We reported last week that Auris Health is using robotics to improve endoscopy. Apparently, that’s only one of several news stories lately about how technology is improving health care.
Here’s another big one: AI has helped scientists in the US to discover a powerful new antibiotic.
An algorithm developed with machine learning analyzed more than a million different chemical compounds. The antibiotic is able to kill up to 35 different kinds of bacteria that can be harmful to humans. What is especially promising is that it also seemed to kill strains of bacteria that have become resistant to more common forms of antibiotics.
The new antibiotic has been named “Halicin” after Hal 9000, the AI system in 2001: A Space Odyssey that goes rogue and becomes the film’s main antagonist. Let’s hope that’s not foreshadowing.
Why Is This a Big Deal?
The discovery is a big one. Antibiotics are regarded as one of the wonders of modern medicine. They have been revolutionary. With their discovery, suddenly many common — and brutal — diseases were essentially cured. Things like pneumonia, diarrhea, and syphilis, not to mention your average infection, were suddenly easy to treat.
Penicillin, one of the first commercial antibiotics, was at one point nicknamed the “wonder drug” because of the number of lives it saved.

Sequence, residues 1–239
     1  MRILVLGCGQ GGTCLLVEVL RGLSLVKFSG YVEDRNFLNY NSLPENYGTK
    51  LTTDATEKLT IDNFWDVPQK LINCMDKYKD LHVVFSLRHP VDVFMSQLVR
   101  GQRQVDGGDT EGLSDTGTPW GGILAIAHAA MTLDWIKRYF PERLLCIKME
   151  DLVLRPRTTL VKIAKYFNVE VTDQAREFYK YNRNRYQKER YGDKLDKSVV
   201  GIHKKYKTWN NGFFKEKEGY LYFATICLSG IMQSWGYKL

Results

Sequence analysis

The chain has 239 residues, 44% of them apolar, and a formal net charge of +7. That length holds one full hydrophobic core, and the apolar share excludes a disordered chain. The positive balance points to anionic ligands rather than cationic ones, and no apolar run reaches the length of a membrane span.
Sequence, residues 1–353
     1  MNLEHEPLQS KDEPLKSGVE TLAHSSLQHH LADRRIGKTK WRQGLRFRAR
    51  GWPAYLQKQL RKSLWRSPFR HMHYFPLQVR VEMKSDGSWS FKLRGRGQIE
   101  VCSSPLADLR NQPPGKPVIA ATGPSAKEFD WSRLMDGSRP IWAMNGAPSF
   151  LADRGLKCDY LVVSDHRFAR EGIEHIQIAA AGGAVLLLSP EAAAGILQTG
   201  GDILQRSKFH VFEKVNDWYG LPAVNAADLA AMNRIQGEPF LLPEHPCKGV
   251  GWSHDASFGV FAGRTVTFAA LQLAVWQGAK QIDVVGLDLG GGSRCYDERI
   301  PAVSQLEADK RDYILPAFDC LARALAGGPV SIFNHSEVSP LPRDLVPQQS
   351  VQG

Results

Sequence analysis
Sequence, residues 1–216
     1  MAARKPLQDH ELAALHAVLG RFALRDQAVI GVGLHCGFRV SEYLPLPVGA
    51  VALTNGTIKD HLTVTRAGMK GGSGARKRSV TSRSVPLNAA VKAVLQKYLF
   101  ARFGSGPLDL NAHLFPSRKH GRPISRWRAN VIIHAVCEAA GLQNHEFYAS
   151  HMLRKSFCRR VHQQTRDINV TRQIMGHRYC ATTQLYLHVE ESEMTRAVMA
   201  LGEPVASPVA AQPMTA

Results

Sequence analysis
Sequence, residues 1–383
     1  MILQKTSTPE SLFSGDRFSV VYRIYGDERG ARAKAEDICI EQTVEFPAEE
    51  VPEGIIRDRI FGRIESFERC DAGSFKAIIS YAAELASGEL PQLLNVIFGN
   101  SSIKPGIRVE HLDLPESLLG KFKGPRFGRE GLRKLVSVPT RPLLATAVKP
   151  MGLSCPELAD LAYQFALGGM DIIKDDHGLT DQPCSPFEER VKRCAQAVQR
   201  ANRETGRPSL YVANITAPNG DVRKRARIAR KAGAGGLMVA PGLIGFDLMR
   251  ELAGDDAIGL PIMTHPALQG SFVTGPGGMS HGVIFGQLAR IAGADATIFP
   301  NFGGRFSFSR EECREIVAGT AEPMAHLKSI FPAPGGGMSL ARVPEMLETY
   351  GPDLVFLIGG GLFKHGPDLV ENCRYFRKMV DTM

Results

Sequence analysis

But then the bacteria began to become resistant to antibiotics. They started to evolve and develop immunity. Now there are a number of bacteria that are resistant to the most common antibiotics. The problem is that diseases that used to be relatively easy to treat are now becoming harder and harder to treat.
In England, there were about 61,000 infections from antibiotic-resistant bacteria in 2018 — up about 9% from the year before. In the US, there are about 2.8 million such infections each year, and these caused about 35,000 deaths in 2019. This is about double the number of deaths from 2013.
Some have warned that we’re getting to a place where it may be a lot like the pre-antibiotic era where there is little we can do for even common, previously treatable conditions.
James Collins, a professor of medical engineering at MIT, has said, “We’re facing a growing crisis around antibiotic resistance.” He attributes the issue to both, “an increasing number of pathogens becoming resistant to existing antibiotics, and an anemic pipeline in the biotech and pharmaceutical industries for new antibiotics.”
Halicin to the Rescue
So that brings us to why this discovery is so important. It is clearly the case that the addition of new antibiotics is useful, especially those that are effective against those bacteria that have developed resistance. Since there have been relatively few new antibiotics developed, and since it has the potential to be effective against such a broad range of bacteria, the discovery of Halicin is exciting.
But more generally, this is the first time machine learning algorithms have made a discovery like this. The hope is that artificial intelligence could help find more substances like this in the future so that we continue to be able to treat conditions caused by bacteria and fungi. AI algorithms are increasingly demonstrating that they are potentially powerful tools for improving our health.